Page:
The Sidereal Time Variations of the Lorentz Force and

Maximum Attainable Speed of Electrons

Maximum Attainable Speed of Electrons

**Student:** Gabriel Nowak

**School:** Oregon State University

**Mentored By:** Bogdan Wojtsekhowski

The Continuous Electron Beam Accelerator Facility (CEBAF) at Jefferson Lab produces electrons that orbit through a stable magnetic system. The electron beam's momentum can be determined through the radius of the beam's orbit. This project compares the beam orbit's radius while travelling in a transverse magnetic field with theoretical predictions from special relativity; which predicts constancy of beam orbit radius as a function of earth's rotation. Time variations in the beam orbit's radius are found at the beginning and the end of a magnetic arc. These variations in the orbit correspond to variations in the beam's momentum. Beam position monitors (BPMs) provide the information needed to calculate the beam momentum. Multiple BPM's are included in the analysis and fitted using the method of least squares to decrease statistical uncertainty. Preliminary results from data collected in ARC #1 over a 24 hour period show that the relative momentum change was less than 10^{-4}; which corresponds to an upper limit in the relative one way speed of light of 10^{-10}. The results from this analysis will be used in an experiment to better determine the upper bound on the anisotropy of the one way speed of light. The current upper bound is on the level of 10^{-14} and we hope to achieve 10^{-16} using ARC #9 data.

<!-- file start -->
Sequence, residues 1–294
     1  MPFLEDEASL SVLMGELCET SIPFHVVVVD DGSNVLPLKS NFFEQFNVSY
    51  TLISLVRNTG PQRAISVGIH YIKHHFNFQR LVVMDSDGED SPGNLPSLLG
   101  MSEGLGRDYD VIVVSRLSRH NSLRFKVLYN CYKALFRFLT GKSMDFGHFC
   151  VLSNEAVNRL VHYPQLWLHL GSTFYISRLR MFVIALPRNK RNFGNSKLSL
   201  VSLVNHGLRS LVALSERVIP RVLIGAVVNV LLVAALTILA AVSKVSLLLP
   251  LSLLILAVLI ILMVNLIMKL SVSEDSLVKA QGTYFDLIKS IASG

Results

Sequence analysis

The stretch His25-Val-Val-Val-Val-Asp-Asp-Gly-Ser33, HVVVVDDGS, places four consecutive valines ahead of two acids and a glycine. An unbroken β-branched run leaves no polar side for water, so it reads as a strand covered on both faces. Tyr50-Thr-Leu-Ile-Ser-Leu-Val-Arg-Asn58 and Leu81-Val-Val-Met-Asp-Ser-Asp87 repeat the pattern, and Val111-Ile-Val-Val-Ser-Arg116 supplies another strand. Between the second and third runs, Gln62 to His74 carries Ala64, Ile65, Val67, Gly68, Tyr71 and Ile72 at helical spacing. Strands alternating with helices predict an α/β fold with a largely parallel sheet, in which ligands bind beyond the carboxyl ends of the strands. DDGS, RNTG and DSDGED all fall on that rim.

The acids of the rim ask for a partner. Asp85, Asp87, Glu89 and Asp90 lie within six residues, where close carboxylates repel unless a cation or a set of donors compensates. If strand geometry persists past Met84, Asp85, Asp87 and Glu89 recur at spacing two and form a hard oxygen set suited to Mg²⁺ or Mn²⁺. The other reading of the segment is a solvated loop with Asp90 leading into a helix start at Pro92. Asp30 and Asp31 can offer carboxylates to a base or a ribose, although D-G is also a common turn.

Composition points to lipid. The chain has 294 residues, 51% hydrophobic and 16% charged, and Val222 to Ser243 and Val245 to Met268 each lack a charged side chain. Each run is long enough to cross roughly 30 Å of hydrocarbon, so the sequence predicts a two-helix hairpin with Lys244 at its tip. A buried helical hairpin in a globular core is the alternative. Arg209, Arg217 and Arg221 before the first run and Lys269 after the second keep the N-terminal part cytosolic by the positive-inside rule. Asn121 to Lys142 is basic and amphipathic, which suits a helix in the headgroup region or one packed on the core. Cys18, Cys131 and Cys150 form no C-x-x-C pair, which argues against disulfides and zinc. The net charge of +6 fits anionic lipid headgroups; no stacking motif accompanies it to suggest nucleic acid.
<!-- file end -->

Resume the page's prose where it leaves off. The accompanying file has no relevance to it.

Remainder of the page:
This page is maintained by Steve Gagnon.